The Compassionate Leader

Commentary by Lt. Col. Shannon Klug 30th Weather Squadron Commander ple. Many poignant examples come from war zones. In my opinion, one of the most compassionate images of Operation Iraqi Freedom is that of Chief Master Sgt. John Gebhardt sleeping in 12/11/2008 - VANDENBERG AIR FORCE BASE, Calif. -a chair while cradling an injured Iraqi girl because he was the First things first. Everyone is a leader. Everyone has the power only one who could calm her down. Medevac units are another to influence others. Therefore, what I have to say applies to eveexample of extreme compassion in the military. These units treat ryone. battlefield injuries without question and are blind to the nationNo one cares how much you know, until they know how ality of their patients. A little compassion can go a long way much you care. Trite ... but true, if you stop and think about it. toward helping folks forget, for a time, an unpleasant situation. That's compassion. Leaders gain legitimacy by paying thoughtWhen I was in Baghdad, I was overwhelmed by the compasful attention to the needs of their Airmen. In turn, Airsion of the American people in support of the troops. The men readily accomplish the mission. Teams function outpouring of care-packages from family, friends, best when they have camaraderie, which is built on schools, church-groups corporations, etc., was humcompassion for one another. It is like cebling. I never wanted for a piece of chocoment that bonds the team together. late or a tube of toothpaste. Without a dose of compassion, no team Closer to home, is compassion intercan achieve greatness. In other words, it twined into your daily life? It should be. behooves leaders to have compassion Compassion is an essential ingredient to and foster it within their units. being a good Wingman. It's about being Compassion is an essential counternon-judgmental of friends and co-workers balance to discipline. Gen. John Michael Loh, while letting them know they can depend on you. It's writing on the responsibility of leadership in comcovering a shift for someone that needs some special mand, stated that, "Commanders must understand when time with his or her family. It's being a soundto administer discipline and compassion, and The "Year of Leadership" takes place from ing board for a friend that needs someone to September 2008 to August 2009. not get the two mixed up." Compassion talk to. It's taking care of those around us in (U.S. Air Force graphic means taking the time to appreciate another little ways everyday. person's concerns, motivations and ideas ... to We are living in uncertain times and cerput yourself in their shoes. Likewise, one of the most compastainly feeling the ripple effects of world events in our globalized sionate things a leader can do is ensure their followers undersociety. The health of our economy and our national security are stand the importance of the mission and their contribution to its in question. Reaching out to people is the way to build bridges success. across cultures and lifestyles. It helps us to realize that our huMilitary compassion may seem like an oxymoron. However, manity transcends gender, race, age and religion. It will take the profession of arms is chock-full of compassion. I believe it's compassionate leadership across every walk of life to help us because sometimes the worst in life brings out the best in peoweather the storms of our generation.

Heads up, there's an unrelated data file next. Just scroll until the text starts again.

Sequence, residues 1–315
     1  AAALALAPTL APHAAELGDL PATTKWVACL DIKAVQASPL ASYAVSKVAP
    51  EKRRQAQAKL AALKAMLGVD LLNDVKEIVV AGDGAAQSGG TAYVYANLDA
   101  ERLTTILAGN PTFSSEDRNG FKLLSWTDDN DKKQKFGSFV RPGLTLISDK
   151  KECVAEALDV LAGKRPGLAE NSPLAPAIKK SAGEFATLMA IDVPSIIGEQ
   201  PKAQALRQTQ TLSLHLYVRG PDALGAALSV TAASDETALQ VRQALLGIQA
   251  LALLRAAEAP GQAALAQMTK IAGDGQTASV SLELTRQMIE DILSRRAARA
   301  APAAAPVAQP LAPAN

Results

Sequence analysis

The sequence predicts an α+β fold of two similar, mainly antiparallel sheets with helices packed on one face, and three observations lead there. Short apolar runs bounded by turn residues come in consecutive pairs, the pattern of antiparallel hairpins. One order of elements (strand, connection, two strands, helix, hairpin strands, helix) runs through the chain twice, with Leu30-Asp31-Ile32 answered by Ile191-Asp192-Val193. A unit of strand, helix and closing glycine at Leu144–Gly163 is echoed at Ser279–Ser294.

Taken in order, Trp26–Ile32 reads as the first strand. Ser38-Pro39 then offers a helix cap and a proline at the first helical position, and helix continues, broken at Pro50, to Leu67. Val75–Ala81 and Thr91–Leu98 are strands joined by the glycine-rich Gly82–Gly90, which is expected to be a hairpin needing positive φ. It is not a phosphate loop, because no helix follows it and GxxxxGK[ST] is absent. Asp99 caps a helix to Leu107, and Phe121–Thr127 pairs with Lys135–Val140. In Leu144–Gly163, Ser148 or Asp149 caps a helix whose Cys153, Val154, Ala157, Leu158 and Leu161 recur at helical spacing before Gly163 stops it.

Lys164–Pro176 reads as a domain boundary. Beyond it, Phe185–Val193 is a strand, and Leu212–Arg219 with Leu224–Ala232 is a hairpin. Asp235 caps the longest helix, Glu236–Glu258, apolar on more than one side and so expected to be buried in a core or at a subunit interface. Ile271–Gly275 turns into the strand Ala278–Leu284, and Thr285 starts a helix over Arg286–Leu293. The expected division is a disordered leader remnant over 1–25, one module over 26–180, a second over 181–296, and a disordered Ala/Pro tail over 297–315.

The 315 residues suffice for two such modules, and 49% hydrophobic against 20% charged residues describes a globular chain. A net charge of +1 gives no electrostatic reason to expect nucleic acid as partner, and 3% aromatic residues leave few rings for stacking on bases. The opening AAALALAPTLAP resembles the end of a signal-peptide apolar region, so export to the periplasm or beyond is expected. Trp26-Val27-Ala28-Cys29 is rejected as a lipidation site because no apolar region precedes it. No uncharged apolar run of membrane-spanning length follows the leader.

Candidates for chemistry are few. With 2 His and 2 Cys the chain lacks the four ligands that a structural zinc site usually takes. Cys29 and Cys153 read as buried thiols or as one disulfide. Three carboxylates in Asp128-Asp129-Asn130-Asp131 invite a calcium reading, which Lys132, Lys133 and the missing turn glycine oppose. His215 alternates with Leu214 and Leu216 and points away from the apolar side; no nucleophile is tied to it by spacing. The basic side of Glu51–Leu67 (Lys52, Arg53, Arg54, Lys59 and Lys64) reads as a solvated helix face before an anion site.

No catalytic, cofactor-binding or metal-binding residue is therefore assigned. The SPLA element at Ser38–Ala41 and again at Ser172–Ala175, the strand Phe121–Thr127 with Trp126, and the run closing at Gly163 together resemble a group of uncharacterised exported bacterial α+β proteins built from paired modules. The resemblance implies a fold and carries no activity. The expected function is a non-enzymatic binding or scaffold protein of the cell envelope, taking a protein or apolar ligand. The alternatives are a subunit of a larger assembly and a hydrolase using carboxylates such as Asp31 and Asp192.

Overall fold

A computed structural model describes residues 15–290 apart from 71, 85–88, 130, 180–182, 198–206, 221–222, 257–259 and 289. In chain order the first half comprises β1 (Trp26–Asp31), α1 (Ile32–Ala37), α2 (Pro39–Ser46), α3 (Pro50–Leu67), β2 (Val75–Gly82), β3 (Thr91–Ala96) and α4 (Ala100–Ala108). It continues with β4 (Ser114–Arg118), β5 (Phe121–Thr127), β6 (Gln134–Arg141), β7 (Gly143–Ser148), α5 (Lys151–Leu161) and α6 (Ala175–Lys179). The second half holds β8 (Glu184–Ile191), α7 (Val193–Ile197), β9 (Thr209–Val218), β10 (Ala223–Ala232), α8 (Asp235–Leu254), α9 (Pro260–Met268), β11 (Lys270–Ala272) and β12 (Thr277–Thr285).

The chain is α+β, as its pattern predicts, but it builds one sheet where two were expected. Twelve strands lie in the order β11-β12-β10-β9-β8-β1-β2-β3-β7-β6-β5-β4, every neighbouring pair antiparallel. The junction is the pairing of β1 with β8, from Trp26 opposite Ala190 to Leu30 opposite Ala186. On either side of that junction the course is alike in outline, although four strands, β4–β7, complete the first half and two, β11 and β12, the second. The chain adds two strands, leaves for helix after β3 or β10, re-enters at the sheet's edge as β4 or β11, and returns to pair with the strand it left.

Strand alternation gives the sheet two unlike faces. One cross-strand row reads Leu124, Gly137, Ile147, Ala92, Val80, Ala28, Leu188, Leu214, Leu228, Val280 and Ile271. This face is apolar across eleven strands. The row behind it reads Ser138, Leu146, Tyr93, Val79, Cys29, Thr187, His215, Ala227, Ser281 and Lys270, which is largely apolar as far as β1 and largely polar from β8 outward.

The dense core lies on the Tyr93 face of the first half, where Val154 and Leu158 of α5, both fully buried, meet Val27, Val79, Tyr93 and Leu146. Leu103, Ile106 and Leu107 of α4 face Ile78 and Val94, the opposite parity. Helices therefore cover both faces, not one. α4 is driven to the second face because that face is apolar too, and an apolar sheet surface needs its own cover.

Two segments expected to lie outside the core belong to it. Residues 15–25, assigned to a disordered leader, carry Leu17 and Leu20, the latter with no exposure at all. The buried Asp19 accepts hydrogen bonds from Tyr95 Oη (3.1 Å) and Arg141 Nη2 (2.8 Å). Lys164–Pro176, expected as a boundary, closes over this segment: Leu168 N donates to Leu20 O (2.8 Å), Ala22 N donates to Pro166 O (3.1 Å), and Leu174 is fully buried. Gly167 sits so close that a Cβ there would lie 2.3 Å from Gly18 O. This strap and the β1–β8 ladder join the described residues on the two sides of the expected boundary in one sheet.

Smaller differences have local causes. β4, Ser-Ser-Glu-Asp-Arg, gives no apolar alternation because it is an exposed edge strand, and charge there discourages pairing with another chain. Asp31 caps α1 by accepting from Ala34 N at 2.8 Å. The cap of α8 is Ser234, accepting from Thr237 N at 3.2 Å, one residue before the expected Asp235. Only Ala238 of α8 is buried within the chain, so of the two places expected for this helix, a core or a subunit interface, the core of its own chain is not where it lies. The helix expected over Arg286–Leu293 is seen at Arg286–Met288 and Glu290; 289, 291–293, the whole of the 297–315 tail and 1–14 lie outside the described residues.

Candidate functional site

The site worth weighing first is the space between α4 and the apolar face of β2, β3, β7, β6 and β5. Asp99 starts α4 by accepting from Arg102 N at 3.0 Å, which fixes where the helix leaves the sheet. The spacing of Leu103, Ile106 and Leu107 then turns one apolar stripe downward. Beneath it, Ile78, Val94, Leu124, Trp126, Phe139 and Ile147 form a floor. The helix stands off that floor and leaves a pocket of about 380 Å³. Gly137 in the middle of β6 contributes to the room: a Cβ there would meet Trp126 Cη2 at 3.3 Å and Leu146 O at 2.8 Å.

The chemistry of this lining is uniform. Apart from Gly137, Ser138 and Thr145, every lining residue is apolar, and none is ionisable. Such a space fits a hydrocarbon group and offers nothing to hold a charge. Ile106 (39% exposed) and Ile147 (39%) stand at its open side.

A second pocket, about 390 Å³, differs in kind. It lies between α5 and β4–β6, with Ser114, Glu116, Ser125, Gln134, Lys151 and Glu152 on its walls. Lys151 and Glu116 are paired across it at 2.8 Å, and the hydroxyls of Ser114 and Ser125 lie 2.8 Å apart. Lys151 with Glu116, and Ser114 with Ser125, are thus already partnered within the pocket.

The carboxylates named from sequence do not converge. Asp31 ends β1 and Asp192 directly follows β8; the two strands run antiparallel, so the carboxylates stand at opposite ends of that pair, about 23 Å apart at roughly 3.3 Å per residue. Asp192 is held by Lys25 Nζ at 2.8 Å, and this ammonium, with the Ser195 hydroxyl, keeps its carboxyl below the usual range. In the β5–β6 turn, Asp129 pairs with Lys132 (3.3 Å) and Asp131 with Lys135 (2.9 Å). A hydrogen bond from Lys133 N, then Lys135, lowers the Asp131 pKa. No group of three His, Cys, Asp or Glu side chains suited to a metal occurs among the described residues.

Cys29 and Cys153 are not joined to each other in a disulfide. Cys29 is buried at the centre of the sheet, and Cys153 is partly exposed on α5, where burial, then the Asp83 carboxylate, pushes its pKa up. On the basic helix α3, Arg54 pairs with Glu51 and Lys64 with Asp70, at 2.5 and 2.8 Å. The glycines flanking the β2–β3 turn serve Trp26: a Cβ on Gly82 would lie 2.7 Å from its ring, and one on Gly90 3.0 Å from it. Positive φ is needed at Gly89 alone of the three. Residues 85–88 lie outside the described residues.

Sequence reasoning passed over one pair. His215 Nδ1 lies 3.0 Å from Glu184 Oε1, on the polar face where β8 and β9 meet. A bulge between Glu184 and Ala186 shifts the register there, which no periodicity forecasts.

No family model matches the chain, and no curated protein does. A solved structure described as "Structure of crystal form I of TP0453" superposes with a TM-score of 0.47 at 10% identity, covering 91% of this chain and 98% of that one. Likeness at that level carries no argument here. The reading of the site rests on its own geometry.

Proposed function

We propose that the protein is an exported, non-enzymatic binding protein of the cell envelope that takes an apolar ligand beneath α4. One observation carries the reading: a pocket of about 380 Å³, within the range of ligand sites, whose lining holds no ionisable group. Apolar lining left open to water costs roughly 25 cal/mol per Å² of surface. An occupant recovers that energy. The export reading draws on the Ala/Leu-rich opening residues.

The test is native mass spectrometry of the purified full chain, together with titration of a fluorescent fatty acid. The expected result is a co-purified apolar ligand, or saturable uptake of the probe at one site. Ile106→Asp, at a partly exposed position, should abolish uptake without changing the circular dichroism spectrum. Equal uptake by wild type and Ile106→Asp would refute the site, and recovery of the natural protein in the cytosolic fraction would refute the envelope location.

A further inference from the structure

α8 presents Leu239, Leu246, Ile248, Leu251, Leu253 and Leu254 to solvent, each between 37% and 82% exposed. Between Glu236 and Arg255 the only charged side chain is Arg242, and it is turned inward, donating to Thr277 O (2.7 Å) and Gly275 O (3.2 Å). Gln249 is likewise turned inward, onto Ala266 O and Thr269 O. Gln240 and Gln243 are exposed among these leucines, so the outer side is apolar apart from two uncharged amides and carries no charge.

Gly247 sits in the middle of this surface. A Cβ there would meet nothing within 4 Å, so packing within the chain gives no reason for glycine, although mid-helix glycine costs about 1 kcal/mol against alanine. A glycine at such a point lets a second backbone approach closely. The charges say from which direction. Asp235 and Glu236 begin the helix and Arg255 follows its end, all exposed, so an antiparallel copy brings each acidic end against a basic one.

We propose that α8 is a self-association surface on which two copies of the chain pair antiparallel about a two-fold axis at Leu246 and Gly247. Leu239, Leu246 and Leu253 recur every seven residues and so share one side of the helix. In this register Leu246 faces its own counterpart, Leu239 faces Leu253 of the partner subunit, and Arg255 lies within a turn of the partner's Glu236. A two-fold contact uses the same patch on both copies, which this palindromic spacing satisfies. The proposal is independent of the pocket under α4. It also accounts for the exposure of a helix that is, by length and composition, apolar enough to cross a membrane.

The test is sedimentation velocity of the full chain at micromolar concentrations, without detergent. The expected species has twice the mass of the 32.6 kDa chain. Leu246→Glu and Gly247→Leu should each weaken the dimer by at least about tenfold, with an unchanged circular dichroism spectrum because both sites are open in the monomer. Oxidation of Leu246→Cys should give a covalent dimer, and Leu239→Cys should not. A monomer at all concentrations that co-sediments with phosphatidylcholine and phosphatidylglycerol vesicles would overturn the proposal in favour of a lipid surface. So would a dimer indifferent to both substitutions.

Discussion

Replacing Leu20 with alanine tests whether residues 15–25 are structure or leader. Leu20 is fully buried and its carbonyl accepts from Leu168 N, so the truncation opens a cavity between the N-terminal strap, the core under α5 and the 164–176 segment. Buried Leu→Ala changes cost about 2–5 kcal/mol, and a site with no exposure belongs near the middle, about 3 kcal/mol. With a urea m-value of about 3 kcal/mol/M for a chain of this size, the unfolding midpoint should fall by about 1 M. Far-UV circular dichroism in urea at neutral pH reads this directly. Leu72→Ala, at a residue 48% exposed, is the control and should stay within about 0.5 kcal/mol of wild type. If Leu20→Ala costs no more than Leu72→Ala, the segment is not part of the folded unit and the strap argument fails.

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VOLUME 2, ISSUE 1

13 Things Airmen Must Know for 2009